Wikipedia, 10 years old, targets India
NEW YORK (Reuters) - With China virtually cut off and Western markets maturing, Wikipedia is targeting India first and possibly Brazil next to reach its goal of 1 billion users, Executive Director Sue Gardner says.
The San Francisco-based online encyclopedia, which turns 10 years old on Saturday, also vows to reach that goal in the next five years while maintaining its status as a non-profit organization.
Wikipedia claims 410 million unique visitors a month -- fifth most in the world -- making it the envy of many for-profit rivals in the Silicon Valley who aspire to generate such numbers.
"We're a little bit confounding to folks in Silicon Valley because they look at us and see the potential for monetization, just because their entire world is geared toward monetization," Gardner told Reuters in an interview on Tuesday. She spoke on Tuesday but her remarks were embargoed until Wednesday.
"We don't move in the world of IPOs and valuation and investment," said Gardner, who runs the non-profit foundation behind Wikipedia. "We never talk about it, we never think about it."
For now Wikipedia is content to function on its operating budget of about $20 million a year, raised mostly through donations, with the primary goal of adding more readers.
INDIA, THEN BRAZIL
This year it will open its first overseas office, in India, where Wikipedia hopes to increase readership and articles in English and several Indian languages, she said. Among 316 events marking the 10th anniversary in 104 countries, 60 events were scheduled inside India.
"Our main strategic focus right now is on India and other countries in the developing world. Massive numbers of people are starting to get connected to the Internet, mostly through mobile phones but also through traditional PCs," she said.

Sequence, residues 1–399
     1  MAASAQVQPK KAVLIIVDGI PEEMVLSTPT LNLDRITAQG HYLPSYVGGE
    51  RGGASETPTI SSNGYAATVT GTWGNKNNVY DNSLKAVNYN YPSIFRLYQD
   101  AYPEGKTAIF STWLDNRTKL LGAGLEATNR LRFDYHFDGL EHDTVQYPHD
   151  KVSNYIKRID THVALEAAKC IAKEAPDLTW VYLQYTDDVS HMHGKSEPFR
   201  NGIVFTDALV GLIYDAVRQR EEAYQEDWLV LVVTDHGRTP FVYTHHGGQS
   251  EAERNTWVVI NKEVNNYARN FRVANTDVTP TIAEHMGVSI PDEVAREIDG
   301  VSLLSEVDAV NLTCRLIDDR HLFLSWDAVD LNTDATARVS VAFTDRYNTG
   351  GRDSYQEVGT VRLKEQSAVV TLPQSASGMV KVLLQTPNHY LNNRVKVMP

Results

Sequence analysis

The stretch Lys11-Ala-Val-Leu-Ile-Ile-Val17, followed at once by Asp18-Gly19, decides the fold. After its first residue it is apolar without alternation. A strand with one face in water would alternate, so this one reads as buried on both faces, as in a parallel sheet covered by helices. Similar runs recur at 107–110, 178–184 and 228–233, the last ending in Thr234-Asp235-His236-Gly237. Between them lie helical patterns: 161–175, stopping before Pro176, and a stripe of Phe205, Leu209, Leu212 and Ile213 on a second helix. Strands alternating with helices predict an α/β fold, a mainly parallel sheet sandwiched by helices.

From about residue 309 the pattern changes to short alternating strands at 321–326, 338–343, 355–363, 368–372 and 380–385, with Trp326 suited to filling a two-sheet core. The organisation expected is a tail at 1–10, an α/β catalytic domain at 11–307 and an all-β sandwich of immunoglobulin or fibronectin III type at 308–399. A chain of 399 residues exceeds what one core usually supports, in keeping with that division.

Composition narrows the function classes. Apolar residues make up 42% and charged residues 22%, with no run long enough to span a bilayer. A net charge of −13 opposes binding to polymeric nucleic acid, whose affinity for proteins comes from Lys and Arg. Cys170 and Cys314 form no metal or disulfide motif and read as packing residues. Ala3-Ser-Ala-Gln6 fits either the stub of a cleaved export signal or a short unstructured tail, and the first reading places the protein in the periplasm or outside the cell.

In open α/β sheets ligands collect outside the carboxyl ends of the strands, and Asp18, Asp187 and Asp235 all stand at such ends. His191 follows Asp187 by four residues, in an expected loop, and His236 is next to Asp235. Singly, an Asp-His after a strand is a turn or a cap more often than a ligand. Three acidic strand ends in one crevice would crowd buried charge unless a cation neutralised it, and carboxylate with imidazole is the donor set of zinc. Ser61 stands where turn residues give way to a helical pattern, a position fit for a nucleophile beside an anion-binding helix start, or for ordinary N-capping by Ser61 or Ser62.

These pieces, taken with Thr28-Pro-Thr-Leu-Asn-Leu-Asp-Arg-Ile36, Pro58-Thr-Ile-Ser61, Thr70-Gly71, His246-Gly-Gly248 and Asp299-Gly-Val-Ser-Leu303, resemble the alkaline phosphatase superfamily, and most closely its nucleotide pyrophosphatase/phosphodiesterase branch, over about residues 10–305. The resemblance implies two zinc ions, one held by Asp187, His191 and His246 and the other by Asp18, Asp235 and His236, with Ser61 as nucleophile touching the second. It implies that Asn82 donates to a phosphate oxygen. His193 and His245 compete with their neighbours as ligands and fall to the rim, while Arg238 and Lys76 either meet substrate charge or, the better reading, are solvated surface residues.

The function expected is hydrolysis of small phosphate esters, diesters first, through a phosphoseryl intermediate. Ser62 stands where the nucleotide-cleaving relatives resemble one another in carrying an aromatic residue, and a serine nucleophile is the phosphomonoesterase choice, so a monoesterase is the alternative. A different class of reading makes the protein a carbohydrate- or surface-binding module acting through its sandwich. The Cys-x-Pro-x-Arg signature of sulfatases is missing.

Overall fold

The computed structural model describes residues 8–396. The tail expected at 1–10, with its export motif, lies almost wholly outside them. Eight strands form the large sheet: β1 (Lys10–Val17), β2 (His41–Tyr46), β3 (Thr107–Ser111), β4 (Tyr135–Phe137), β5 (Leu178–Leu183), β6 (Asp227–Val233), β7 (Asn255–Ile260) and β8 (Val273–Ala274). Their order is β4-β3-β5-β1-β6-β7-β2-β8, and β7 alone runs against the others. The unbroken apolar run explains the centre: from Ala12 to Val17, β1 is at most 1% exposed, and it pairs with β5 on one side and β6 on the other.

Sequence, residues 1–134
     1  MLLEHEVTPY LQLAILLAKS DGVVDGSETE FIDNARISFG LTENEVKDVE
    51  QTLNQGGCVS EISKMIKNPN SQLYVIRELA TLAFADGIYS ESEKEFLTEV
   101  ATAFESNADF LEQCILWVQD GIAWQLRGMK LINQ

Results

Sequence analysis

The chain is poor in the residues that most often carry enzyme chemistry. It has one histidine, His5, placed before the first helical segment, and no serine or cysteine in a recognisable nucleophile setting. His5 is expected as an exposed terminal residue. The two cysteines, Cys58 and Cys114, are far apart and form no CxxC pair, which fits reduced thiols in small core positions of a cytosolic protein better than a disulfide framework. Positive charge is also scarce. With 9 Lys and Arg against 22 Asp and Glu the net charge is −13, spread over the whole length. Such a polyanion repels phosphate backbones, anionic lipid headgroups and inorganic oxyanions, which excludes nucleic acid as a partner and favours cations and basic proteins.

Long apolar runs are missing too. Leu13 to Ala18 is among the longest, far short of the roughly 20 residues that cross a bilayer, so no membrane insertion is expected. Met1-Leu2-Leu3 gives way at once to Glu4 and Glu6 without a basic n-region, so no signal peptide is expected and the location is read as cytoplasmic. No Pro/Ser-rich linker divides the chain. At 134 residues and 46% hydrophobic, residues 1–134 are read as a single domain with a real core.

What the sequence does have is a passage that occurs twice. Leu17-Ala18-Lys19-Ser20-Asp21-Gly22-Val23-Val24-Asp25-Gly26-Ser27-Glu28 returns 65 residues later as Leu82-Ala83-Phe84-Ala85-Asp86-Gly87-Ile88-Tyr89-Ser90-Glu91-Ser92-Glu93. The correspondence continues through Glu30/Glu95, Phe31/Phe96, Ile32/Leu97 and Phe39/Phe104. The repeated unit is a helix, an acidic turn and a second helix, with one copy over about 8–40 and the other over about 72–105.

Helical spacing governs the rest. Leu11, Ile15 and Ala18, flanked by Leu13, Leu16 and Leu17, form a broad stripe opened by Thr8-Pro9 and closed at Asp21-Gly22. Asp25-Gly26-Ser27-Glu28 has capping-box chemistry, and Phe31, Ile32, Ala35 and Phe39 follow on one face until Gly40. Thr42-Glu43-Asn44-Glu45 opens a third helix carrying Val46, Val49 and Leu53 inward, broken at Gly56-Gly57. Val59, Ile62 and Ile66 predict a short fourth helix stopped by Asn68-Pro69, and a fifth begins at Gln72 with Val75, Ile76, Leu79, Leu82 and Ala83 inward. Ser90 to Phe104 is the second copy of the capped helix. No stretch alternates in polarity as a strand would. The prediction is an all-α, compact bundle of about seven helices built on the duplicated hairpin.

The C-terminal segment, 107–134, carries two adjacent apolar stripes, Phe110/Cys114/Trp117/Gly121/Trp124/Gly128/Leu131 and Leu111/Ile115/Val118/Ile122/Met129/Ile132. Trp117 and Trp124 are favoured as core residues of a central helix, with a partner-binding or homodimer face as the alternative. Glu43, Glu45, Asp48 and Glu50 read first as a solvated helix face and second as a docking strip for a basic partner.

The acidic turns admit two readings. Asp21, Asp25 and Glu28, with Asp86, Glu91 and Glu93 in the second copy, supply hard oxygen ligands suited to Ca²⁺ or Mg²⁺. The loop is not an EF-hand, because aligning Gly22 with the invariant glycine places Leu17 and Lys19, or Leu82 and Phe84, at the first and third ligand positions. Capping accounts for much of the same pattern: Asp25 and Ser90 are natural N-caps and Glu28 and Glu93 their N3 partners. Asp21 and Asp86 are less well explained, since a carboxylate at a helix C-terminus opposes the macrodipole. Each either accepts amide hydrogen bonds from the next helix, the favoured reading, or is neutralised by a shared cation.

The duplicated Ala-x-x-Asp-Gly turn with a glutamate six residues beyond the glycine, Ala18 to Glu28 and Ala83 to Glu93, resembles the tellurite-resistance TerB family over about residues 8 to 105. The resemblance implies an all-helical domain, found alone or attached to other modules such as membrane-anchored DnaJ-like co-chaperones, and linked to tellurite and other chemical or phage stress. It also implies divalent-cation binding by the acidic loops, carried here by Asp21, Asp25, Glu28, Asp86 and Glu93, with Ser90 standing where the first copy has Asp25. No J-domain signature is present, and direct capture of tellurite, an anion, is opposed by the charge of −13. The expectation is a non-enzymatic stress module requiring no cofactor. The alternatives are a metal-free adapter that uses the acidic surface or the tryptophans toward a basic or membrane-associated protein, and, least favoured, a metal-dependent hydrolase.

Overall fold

"Brazil is provisionally next," Gardner said.
China will have to wait until Wikipedia has guarantees its content will not be censored.
Wikipedia has opted against moving servers into China because of the condition it would have to agree to government limits on publishing.
"We made a decision that we weren't going to collaborate in our own filtering," she said.
The company relies on some 100,000 regular contributors who work for free -- "Isn't it amazing?" Gardener said -- and the general public to write and edit its articles in 270 languages.
The site carries 17 million articles in English, adding 1,100 per day.
Although Wikipedia allows virtually anyone to add or alter entries without oversight, the journal Nature reported in 2006 its accuracy was close to that of Encyclopedia Britannica.
Wikipedia, which says its quality controls stop most "vandals" from posting maliciously inaccurate articles for very long, was also working with 12 universities to increase the quality of articles about public policy, Gardner said.
"Over time, people are trusting us more," she said.
(Reporting by Daniel Trotta; editing by Cynthia Osterman)